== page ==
CBO: Agent comp bill could add $1.1 billion to deficits
By National Underwriter
By Arthur D. Postal and Allison Bell
H.R. 1206 -- a bill that would get health insurance agent and broker compensation out of minimum medical loss ratio (MLR) calculations -- could cost the federal government about $1.1 billion from 2013 to 2022, according to budget analysts at the Congressional Budget Office (CBO).
The bill could increase federal spending by $447 million over that period, and it could cut federal revenue by $675 million, the analysts estimate in an H.R. 1206 budget impact report.
Holly Harvey, a deputy assistant director at the CBO, approved the estimate. The team that developed the estimate included members of the staff of the congressional Joint Committee on Taxation as well as members of the CBO staff.
The PPACA MLR provisions
The minimum MLR provisions in the Patient Protection and Affordable Care Act of 2010 (PPACA) now require health insurers to spend at least 85 percent of large group revenue and 80 percent of individual and small group revenue on health care or quality improvement efforts, or to make up the difference by sending customers rebates.
Health insurance agents and brokers say health insurers are responding to the limits on sales and administrative costs by slashing commission rates and cutting or eliminating other types of compensation. Producer groups have argued that customers are the ones who really pay commissions, and that insurers simply collect the commission payments as a courtesy to the customers. The groups have argued that insurers should leave producer compensation amounts out of PPACA MLR calculations.
Rep. Mike Rogers, R-Mich., and Rep. John Barrow, D-Ga., introduced H.R. 1206 in March in an effort to get health producer comp out of the PPACA MLR formula.
Members of the House Energy & Commerce Committee approved the bill in September.
The elections held Tuesday left the House in the control of the Republicans but will increase Democrats' hold on the Senate. Analysts at Washington Analysis suggested earlier in the year that getting H.R. 1206 through the Senate could be difficult.
The list of producer groups fighting for passage of H.R. 1206 includes the Independent Insurance Agents and Brokers of America (IIABA), the National Association of Insurance and Financial Advisors (NAIFA) and the National Association of Health Underwriters (NAHU).
The CBO report
H.R. 1206 could increase health insurance premiums by 0.2 percent on average over the next few years and 0.1 percent in later years, the analysts said.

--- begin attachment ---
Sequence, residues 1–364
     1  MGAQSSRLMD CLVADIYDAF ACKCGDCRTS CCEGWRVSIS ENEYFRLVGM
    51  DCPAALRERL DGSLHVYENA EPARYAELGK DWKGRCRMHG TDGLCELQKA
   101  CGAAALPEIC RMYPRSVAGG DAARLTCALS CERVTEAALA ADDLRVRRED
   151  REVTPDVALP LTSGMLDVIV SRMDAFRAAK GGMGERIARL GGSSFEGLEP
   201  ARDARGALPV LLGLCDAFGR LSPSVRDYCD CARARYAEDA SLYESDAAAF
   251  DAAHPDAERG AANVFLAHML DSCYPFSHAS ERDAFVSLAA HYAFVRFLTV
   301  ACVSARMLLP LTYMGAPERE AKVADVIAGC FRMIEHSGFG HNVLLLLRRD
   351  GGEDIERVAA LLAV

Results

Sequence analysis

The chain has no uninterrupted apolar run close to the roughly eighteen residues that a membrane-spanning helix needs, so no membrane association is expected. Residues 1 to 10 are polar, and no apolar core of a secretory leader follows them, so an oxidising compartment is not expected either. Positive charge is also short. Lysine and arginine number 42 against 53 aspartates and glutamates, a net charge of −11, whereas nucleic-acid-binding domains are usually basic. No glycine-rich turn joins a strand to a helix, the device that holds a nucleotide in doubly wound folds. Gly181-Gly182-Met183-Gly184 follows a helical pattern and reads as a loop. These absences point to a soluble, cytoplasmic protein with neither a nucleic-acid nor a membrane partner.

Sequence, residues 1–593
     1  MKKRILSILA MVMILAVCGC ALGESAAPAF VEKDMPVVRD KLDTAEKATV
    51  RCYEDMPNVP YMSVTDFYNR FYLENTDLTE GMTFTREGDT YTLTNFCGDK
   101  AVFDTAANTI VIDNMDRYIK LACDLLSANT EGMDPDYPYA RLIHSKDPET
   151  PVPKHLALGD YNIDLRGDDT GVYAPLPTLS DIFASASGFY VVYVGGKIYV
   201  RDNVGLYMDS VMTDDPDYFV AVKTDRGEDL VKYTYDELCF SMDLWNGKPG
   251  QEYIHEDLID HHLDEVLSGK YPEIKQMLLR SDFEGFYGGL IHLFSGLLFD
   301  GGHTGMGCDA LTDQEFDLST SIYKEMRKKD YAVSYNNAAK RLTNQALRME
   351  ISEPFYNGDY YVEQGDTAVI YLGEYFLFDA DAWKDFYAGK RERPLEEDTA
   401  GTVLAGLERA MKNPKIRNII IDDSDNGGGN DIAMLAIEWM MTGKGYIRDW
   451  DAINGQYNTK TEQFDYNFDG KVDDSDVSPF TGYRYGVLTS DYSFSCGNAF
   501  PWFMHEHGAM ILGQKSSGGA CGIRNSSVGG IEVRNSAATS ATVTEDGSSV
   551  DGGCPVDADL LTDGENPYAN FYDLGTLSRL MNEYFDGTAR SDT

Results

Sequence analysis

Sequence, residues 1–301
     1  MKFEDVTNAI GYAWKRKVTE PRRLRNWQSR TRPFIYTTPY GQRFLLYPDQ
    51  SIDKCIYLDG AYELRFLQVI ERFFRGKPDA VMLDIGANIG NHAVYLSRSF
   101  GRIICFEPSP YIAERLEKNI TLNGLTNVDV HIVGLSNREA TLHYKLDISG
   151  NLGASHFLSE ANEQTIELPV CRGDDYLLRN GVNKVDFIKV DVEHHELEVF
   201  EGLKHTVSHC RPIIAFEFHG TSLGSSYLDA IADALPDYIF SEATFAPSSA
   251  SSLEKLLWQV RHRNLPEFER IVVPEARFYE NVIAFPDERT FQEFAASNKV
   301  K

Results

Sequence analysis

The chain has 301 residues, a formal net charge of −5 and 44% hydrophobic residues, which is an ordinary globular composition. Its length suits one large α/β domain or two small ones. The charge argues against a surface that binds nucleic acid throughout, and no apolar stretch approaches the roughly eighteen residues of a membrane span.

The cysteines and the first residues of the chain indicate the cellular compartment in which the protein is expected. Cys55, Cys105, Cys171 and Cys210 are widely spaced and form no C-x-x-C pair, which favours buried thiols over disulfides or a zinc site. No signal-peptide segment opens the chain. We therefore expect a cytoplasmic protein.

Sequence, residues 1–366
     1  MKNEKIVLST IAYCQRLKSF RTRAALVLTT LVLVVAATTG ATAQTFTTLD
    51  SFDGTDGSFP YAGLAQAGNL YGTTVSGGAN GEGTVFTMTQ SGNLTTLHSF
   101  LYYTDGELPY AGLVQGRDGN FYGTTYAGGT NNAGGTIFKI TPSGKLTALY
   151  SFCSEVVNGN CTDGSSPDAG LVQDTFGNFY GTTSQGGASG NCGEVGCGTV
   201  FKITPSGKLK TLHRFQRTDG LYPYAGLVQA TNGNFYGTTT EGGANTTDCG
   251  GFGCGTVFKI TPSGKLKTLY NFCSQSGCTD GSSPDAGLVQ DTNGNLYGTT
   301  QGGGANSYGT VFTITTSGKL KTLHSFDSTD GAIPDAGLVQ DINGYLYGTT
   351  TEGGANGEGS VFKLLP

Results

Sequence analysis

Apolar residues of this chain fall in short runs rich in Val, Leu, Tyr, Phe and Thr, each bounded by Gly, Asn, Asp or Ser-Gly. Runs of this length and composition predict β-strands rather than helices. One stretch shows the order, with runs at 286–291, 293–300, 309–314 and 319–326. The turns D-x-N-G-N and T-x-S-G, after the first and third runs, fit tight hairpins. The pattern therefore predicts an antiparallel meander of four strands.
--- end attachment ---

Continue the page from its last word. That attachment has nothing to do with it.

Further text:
"Because MLR requirements would be easier to achieve under H.R. 1206, insurers would have less incentive to reduce administrative costs than under current law," the analysts said. "Both of these effects are expected to result in an increase in premiums relative to current law."
H.R. 1206 also could increase premiums by encouraging states to ask the U.S. Department of Health and Human Services (HHS) for waivers of the MLR requirements, the analysts said.
For consumers, the bill could cut rebate payments by 60 percent to 70 percent at the beginning and by about 40 percent to 50 percent later, the analysts said.
Because health insurance premiums would be a little higher, the federal government could end up spending a little more on PPACA health insurance purchase subsidies for low-income and moderate-income consumers, the analysts said.
H.R. 1206 could reduce federal income tax revenue by increasing the price employers pay for health coverage and increasing the amount of health insurance spending employers can deduct from their taxable income, the analysts said.
Diane Boyle, a vice president at the NAIFA, said in a comment on the CBO report that letting health insurance premiums rise an additional 0.1 percent to 0.2 percent would be a small price to pay for giving consumers access to help from licensed agents.
"The point of the MLR ratio was to ensure consumers received value for their premium dollars, not to offer a rebate," Boyle said. "Without a fix, the current law puts American consumers, businesses and families at risk. They will be left without advocates to assist with coverage or claims problems and without professionals to assist in the economical selection of benefits tailored to fit their needs."
Janet Trautwein, the chief executive officer of the National Association of Health Underwriters (NAHU), said she wishes the CBO analysts could have included the value of the benefits that agents and brokers provide as well as an estimate of the impact of H.R. 1206 on federal spending and revenue.
"Health insurers report that agent-placed health insurance business has better retention rates and fewer claims issues because of the help agents and brokers provide," Trautwein said. "With employers, agents and brokers help companies incorporate cost-saving programs like wellness plans, reduce compliance costs and negotiate savings at contract renewal time."
The new PPACA MLR requirements may end up increasing overall health care costs in the long run, because they are discouraging health plans from investing in programs that could lower the cost of care and improve the quality, Trautwein said.
Originally published on LifeHealthPro.com